Signal no longer requires phone numbers
Signal Blog: Good news! Signal, the end-to-end encrypted messaging app, is moving away from using phone numbers to identify users and moving towards PINs. The PIN will help take ownership of profile data, settings, and who's blocked. By reducing the reliance on phone numbers, it makes the system more secure — and private.

Using the Untappd beer app to trace military and intelligence personnel
Bellingcat: The investigative folks at Bellingcat have done it again. Turns out you can trace military and intelligence folks by how much they drink — when, and where — using the Untappd beer app. With more than 8 million EU and U.S. users, Bellingcat's investigative researchers showed it's possible to track down where certain people go near military bases and secure locations. "Cross-referencing these check-ins with other social media makes it easy to find these individuals’ homes. Their profiles and the pictures they post also reveal family, friends, and colleagues." Incredible.
U.K.'s contact tracing app riddled with flaws
BBC News: New research out of the U.K. shows that the NHS contact tracing app, used to identify the spread of the coronavirus, has a number of security flaws that could allow attackers to steal encryption keys, which could spoof transmissions or "prevent contagion alerts being sent," effectively defeating the very point of the app. The U.K. National Cyber Security Center thanked the researchers for their findings.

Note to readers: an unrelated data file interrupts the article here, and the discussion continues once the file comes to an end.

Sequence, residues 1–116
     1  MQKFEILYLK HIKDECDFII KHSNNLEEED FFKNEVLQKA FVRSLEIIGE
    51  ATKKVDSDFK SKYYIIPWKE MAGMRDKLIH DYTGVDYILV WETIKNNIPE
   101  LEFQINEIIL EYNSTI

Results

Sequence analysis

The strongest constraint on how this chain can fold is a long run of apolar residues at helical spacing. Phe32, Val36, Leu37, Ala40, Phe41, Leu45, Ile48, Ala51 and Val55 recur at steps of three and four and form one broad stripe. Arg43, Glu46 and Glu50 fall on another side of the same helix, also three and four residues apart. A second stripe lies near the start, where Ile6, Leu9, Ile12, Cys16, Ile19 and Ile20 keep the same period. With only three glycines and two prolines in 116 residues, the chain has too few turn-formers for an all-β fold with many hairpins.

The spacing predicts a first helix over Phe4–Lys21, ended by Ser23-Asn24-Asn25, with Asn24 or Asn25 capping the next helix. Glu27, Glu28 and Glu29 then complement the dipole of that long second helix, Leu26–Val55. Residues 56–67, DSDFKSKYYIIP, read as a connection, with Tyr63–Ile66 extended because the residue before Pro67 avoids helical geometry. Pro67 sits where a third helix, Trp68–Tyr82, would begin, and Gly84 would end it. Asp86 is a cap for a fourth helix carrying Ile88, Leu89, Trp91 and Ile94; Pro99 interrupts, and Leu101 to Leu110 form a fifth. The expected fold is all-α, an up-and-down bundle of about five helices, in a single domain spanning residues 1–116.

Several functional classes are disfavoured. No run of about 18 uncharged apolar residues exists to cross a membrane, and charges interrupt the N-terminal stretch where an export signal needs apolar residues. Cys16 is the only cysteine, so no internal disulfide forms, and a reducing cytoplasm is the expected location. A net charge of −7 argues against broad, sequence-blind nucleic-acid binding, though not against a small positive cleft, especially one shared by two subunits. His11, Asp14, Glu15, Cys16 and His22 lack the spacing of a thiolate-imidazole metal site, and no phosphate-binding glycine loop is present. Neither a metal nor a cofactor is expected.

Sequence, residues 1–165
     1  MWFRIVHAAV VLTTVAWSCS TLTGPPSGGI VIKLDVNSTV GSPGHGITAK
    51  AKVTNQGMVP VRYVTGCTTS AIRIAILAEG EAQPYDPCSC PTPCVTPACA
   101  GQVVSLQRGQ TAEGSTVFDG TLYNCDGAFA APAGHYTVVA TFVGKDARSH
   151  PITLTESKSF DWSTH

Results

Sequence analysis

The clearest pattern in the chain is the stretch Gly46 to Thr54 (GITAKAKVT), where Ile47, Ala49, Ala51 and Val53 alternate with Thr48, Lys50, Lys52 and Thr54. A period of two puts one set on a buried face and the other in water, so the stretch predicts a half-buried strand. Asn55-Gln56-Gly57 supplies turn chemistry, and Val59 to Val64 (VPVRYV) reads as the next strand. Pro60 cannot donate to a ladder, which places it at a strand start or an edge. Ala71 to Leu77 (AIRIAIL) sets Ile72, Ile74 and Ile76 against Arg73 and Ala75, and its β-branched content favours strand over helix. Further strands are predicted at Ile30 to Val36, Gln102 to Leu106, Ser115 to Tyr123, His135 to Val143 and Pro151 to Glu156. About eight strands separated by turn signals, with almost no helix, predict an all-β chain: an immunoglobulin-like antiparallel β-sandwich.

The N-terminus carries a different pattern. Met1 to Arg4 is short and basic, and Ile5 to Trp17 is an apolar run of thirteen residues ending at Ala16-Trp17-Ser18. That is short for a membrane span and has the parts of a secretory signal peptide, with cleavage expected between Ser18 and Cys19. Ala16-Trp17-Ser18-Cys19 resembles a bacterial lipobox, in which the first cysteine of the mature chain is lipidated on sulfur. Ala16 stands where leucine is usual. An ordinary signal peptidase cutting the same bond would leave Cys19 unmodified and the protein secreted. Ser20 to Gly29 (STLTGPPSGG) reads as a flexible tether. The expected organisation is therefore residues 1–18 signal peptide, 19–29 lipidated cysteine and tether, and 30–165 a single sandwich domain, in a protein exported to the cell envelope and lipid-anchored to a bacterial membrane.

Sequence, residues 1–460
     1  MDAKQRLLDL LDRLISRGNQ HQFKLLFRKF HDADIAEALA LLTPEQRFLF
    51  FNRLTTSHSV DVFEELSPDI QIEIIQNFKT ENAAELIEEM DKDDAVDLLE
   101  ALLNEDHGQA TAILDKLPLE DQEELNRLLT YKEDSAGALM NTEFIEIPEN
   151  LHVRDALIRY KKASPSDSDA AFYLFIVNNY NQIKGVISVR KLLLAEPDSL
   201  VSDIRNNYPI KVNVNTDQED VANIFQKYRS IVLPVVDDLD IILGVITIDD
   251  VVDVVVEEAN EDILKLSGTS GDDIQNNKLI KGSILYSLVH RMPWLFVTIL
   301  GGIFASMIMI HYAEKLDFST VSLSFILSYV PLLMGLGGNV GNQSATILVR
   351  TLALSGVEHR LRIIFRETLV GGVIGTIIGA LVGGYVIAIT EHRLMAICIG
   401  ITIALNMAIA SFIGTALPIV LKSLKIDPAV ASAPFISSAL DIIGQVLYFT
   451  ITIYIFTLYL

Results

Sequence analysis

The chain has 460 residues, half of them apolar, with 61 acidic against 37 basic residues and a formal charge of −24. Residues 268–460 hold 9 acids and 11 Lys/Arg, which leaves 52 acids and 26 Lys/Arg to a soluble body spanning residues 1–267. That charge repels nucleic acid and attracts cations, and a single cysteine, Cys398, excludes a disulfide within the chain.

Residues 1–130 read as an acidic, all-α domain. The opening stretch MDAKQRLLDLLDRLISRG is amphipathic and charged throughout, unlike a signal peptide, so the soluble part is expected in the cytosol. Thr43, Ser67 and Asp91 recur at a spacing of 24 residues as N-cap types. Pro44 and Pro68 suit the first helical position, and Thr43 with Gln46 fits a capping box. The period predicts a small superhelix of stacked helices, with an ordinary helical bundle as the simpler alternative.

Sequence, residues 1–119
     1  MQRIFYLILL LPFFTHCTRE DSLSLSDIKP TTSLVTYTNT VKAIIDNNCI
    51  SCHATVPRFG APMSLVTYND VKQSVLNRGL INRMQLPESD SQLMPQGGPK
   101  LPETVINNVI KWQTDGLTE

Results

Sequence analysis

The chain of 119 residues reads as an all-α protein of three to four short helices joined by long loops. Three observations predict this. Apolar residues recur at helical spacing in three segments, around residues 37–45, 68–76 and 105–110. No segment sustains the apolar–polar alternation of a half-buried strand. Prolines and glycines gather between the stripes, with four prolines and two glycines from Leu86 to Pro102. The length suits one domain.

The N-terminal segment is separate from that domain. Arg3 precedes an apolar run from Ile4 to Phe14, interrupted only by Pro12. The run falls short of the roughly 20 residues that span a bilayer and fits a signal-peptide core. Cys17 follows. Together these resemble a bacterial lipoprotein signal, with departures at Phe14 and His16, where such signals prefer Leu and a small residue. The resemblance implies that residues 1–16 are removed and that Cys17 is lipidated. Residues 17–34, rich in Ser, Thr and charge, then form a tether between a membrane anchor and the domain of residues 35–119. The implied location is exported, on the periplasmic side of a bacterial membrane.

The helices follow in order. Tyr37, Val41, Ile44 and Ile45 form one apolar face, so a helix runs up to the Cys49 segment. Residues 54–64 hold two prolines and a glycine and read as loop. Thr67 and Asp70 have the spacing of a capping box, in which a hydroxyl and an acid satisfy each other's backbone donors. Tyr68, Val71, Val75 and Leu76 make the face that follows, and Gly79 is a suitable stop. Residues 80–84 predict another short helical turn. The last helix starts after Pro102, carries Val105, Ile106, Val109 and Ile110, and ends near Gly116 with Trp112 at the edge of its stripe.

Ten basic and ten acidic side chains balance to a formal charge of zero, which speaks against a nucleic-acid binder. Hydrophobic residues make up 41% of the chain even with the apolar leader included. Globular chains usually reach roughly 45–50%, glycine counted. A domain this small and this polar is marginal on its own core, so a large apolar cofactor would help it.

FBI and CISA's top 10 list of routinely exploited vulnerabilities
CISA: CISA, the cyber advisory arm of Homeland Security, has published a list of the top 10 most routinely exploited bugs. The list is insightful on its own as it helps organizations know which bugs to patch first (if they haven't already). Arguably, a more interesting take was from @benhawkes, who had a great Twitter thread diving into each of the 10 bugs, explaining in simple terms how they work and what they do. This, I'd say, is more important to read than the actual CISA post.
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OTHER NEWSY NUGGETS

Calls between the House and Senate should be encrypted, lawmakers say
In things you probably never thought about, it turns out phone calls between the U.S. House and Senate are not encrypted. That makes it far easier to snoop in on calls between the two congressional chambers. In a letter, several lawmakers — including Senate Intelligence Committee member Ron Wyden (D-OR) — warned that the lack of encryption could allow "foreign spies" to listen in. One assumes this also applies to U.S. intelligence — which, don't forget, several years ago was caught spying on the U.S. Senate during the CIA torture inquiry.